Danvers purchased insurance for Chem Strip from Auto-Owners through defendant Lys, a licensed insurance agent employed by defendant Emerson Prew. Auto-Owners cancelled Chem Strip’s insurance effective September 2, 2002, because of the nature of its operations. Danvers then contacted Lys who assured him that he would secure an extension of coverage while he sought coverage through a different company. In January of 2003, Lys presented Danvers with a business insurance quote dated January 9, 2003 from St. Paul Property & Casualty. Danvers told Lys to purchase the policy and gave Lys a check for $6,125 to bind coverage. On January 14, 2003, Emerson Prew and Lys issued a certificate of property insurance to plaintiff confirming that Chem Strip had property insurance with St. Paul Insurance from January 9, 2003 through January 9, 2004. The certificate of insurance was signed by Emerson Prew’s principal. Because plaintiff’s check was not cashed by St. Paul Insurance and because Danvers did not receive a policy or premium invoices, he telephoned Lys several times through August of 2003. Lys repeatedly advised Danvers not to worry, Chem Strip was insured by St. Paul. On September 1, 2003, Lys left the employment of Emerson Prew and neither Emerson Prew nor Lys informed plaintiff of Lys’ resignation. On November 3, 2003, Danvers called Emerson Prew and talked with the office manager Ralph Petersen. Petersen advised Danvers that Chem Strip did not have insurance coverage and that the policy had never been issued. Danvers faxed Emerson Prew a letter indicating that he was in the process of obtaining insurance from a different company but, until such time as new insurance was effective, Chem Strip would consider Emerson Prew liable for any damages. On December 11, 2003, while in the process of securing coverage, a fire completely destroyed plaintiff’s premises. On July 20, 2004, plaintiff sued defendants for negligence, claiming that their failure to procure insurance coverage and timely advise plaintiff that it did not have insurance resulted in Chem Strip being uninsured when the fire destroyed the business. The jury found that Lys and Emerson Prew were negligent in handling plaintiff’s property insurance and that their negligence was a proximate cause of plaintiff’s loss. The jury also found that Chem Strip was comparatively negligent.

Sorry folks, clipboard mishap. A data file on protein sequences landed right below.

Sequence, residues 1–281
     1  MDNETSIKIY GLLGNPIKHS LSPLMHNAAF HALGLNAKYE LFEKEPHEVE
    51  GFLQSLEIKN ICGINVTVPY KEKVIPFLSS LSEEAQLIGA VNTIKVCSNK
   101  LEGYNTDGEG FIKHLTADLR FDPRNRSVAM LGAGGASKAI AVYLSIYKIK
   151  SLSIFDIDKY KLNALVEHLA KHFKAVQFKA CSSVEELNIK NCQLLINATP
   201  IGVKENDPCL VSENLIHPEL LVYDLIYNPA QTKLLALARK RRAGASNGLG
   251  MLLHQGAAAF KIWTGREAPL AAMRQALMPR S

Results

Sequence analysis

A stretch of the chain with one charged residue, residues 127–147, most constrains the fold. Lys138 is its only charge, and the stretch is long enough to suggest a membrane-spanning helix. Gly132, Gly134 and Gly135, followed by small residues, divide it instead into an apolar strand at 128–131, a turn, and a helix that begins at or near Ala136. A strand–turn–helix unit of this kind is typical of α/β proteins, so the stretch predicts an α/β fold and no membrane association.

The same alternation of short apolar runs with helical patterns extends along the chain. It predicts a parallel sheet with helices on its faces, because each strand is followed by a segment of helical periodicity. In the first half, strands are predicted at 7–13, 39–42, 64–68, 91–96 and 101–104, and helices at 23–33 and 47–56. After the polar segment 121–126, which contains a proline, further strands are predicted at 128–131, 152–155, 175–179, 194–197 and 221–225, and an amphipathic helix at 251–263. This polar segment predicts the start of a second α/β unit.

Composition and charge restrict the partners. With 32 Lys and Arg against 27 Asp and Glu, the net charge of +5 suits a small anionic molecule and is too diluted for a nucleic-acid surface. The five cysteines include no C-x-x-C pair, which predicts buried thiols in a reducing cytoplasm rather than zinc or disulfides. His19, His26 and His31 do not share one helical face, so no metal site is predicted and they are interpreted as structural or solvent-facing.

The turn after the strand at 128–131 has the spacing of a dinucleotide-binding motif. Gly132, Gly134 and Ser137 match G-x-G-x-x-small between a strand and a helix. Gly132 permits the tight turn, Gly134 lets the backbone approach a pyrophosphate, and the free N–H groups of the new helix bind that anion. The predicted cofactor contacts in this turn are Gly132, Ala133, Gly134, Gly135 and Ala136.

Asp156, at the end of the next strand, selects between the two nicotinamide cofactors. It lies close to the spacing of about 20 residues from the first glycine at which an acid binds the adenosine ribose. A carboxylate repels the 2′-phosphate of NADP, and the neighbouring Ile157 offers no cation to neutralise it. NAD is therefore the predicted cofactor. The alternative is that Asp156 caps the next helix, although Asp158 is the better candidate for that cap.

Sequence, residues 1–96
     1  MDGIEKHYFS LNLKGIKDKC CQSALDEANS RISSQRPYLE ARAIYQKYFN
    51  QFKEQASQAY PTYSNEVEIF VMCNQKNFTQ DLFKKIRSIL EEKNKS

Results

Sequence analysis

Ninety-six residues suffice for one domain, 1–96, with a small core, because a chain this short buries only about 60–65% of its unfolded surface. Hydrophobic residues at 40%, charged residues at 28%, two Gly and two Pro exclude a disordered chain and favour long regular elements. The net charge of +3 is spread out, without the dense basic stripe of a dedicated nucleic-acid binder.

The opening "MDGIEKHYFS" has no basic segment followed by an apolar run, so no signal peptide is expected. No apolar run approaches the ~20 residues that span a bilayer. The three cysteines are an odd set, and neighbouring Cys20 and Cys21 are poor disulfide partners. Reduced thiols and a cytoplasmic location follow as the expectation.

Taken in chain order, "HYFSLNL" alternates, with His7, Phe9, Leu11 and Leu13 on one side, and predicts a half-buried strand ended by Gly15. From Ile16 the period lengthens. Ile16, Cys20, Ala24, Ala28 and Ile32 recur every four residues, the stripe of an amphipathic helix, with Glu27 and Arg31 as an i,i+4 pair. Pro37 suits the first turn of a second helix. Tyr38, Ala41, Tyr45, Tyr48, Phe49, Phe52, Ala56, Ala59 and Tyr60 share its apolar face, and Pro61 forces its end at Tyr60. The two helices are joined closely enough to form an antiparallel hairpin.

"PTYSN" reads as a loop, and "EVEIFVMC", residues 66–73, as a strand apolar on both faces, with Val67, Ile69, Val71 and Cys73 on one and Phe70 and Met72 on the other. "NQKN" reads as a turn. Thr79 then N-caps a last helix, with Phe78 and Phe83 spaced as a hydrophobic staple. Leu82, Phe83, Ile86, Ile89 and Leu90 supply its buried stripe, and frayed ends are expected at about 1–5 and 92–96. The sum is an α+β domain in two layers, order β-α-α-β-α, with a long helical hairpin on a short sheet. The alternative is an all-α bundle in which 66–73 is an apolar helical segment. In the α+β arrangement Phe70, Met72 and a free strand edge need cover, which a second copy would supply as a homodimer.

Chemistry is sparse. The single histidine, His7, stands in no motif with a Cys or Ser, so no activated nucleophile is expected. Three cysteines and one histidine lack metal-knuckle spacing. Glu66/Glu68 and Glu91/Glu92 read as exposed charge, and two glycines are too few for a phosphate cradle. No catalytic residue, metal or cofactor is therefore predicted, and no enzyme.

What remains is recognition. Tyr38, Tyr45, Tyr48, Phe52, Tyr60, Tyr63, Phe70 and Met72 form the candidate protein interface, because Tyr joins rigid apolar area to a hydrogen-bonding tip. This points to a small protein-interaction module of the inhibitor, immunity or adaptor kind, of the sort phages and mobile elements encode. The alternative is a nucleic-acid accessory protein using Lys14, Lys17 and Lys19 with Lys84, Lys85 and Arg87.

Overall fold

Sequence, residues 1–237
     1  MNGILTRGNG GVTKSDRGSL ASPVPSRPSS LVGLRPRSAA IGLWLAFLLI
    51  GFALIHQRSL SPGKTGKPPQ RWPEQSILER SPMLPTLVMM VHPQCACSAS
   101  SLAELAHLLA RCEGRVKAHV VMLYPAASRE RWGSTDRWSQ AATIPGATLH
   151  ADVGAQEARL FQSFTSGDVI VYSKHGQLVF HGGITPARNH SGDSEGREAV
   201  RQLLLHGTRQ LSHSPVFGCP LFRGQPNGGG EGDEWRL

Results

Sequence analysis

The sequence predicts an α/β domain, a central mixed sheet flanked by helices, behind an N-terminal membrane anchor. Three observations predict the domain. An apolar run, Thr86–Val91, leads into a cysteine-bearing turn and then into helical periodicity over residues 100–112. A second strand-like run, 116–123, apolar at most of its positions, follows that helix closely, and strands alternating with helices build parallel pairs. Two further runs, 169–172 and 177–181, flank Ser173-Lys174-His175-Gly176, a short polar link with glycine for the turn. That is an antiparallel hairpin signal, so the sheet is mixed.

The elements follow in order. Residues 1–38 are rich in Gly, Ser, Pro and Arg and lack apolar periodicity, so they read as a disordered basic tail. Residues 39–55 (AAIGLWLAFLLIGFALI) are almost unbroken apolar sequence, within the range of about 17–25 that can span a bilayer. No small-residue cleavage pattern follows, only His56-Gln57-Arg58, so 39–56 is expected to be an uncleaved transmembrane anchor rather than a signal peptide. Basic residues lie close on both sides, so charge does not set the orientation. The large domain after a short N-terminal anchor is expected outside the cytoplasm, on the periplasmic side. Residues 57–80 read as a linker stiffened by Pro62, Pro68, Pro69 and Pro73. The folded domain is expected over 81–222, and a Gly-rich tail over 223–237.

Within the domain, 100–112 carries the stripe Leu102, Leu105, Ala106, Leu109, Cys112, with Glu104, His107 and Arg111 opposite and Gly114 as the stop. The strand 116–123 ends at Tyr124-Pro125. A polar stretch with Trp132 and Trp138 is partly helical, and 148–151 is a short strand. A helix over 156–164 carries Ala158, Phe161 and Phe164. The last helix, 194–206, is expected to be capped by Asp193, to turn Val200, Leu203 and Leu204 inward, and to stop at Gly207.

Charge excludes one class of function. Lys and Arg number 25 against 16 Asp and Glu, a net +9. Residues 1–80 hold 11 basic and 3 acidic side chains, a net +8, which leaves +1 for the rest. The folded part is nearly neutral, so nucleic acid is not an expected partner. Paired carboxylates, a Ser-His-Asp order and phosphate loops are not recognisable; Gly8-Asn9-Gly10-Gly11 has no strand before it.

On appeal, defendants argue that plaintiff’s negligence claim must fail for lack of proximate cause because more than 30 days before the fire plaintiff terminated its relationship with defendants and plaintiff could have procured insurance through other agencies. The Court noted that it is a question of fact for the jury whether the relationship between Chem Strip and Emerson Prew was terminated on November 3, 2003. The Court also found that it was a question of fact whether Chem Strip could have obtained replacement cost insurance coverage between November 3, 2003 and December 11, 2003. Defendants argued that plaintiff’s expert’s testimony was not sufficient to support the jury award of $2,215,000. In an effort to establish the benefits that plaintiff could have recovered under the policy that defendants claimed to have procured, plaintiff presented the testimony of Shipper, an insurance consultant, appraiser, and public adjuster. According to Shipper, both the total replacement cost and actual cash value of plaintiff’s loss exceeded the $2,215,000 limit stated on the certificates of insurance. Defendants argued that because Shipper’s testimony was not based on the actual policy at issue and because he failed to produce the policy that he looked at containing the meaning of “actual cash value”, his testimony could not support the jury verdict. The Court of Appeals disagreed. The Court noted that no actual policy existed that could be produced and that Shippers testimony was based on personal experience with commercial insurance policies. Further, defendant’s own witness agreed that actual cash value is generally considered replacement cost less depreciation. The Court held that plaintiff met its burden of proving damages with reasonable certainty.